Connecticut expands free virtual interpreting service to Hartford airport

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Connecticut Gov. Ned Lamont this week announced he’s expanding a program that provides free access to a virtual interpreting service for people who are blind or have limited vision. 

The state is now offering Aria, a mobile app that connects users with live agents who can provide visual information, at Bradley International Airport, near Hartford. The announcement extends a program started last October that provides the app for people riding buses, trains and ferries. The state says it’s also available for people visiting health care providers or going on errands like grocery shopping.

“Whether it’s accessing a ticket vending machine or navigating one of our busy train stations, over the last several months this pilot program has made a difference in people’s lives,” Lamont said in a press release.

Connecticut, which claims to be the first state to provide the service for free to the public, reports that residents have made nearly 900 calls since it introduced the Aria app.

The app relies on users’ cameras to transmit a video to agents, who can then describe to users what they’re seeing. The state says expanding the service to its airport will make it easier for people to navigate security checkpoints and interact with gate personnel.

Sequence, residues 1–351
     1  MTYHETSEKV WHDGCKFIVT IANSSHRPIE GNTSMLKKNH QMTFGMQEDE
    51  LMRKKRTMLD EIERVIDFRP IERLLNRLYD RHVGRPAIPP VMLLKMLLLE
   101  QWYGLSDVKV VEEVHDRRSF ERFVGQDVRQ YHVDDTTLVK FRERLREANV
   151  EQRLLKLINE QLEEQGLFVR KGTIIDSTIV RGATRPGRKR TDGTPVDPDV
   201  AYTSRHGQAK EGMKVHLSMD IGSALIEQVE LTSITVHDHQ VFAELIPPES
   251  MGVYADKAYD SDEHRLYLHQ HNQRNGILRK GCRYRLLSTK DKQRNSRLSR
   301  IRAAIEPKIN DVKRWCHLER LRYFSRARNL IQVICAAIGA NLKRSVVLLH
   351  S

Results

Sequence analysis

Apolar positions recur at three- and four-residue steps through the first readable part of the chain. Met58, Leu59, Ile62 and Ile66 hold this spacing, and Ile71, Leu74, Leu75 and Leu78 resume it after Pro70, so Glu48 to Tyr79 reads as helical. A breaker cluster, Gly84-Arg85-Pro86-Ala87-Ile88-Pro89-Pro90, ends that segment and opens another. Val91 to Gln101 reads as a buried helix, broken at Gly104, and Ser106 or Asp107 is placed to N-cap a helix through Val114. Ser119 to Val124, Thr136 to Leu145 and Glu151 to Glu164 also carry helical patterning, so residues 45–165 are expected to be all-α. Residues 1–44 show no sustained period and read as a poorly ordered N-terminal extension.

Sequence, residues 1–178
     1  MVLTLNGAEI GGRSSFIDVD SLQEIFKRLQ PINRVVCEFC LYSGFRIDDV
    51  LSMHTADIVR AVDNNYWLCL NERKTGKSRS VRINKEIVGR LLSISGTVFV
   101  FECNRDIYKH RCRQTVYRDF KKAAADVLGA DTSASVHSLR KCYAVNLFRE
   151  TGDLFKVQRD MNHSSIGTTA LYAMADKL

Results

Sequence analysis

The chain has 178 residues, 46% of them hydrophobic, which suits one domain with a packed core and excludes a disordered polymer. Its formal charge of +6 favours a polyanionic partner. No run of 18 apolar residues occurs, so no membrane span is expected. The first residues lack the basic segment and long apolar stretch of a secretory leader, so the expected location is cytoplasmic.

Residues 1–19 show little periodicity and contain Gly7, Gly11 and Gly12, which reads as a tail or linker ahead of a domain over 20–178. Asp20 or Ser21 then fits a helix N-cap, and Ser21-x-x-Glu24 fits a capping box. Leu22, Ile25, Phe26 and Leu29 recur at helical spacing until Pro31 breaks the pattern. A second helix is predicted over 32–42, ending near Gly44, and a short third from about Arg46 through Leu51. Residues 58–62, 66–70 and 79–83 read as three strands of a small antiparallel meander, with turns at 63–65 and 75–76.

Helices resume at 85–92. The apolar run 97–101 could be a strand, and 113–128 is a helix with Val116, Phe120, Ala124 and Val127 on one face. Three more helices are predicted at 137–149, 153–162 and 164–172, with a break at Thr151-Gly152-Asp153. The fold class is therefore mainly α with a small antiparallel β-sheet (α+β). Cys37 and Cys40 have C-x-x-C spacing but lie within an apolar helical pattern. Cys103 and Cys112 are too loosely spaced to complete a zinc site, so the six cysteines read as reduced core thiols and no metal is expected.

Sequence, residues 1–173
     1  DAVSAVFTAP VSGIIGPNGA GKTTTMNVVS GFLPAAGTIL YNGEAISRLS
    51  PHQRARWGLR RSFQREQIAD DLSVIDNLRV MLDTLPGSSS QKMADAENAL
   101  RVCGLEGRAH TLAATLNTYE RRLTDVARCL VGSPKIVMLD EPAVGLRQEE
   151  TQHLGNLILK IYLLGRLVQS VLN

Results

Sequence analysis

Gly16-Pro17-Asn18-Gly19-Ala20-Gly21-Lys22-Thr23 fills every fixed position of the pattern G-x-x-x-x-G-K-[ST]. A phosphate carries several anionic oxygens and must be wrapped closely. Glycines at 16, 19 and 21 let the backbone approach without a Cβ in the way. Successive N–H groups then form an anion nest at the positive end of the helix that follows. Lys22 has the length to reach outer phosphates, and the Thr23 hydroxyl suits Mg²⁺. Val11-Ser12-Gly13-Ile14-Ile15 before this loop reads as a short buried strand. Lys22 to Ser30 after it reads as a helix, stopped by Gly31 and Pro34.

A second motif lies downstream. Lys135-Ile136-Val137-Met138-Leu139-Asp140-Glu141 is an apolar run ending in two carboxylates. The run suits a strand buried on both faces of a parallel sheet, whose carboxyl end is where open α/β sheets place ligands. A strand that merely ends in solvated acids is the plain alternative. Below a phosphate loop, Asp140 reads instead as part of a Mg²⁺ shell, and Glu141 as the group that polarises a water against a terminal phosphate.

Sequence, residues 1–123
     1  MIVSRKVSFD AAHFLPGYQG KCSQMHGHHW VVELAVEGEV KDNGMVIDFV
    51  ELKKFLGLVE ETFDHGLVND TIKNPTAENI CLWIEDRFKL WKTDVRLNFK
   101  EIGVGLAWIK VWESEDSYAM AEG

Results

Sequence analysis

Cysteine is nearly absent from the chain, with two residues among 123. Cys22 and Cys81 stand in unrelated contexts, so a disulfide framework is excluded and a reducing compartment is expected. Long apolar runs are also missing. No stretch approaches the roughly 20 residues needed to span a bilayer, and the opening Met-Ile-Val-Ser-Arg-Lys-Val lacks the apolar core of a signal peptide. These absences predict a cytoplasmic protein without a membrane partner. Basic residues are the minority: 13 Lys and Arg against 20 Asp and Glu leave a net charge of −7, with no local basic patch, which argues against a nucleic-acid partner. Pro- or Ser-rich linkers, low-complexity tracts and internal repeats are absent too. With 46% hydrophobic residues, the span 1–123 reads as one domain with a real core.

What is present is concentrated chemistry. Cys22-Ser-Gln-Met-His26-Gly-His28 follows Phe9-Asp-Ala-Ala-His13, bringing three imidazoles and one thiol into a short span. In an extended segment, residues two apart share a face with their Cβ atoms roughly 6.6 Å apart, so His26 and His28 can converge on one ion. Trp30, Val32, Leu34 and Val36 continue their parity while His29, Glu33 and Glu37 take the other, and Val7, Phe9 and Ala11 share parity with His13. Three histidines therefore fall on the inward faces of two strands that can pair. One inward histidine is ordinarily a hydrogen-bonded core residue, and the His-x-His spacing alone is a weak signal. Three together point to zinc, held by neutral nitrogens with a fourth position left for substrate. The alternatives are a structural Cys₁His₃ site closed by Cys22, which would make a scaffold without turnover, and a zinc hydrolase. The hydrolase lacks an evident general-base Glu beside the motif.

The free service runs through March 2023, after which officials plan to evaluate the service’s utility and report back to Lamont. In addition to including the Connecticut Department of Transportation, Federal Highway Administration and Connecticut Department of Aging and Disability Services, the program is administered by the Connecticut Transportation Institute at the University of Connecticut.

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Connecticut, virtual interpreting service
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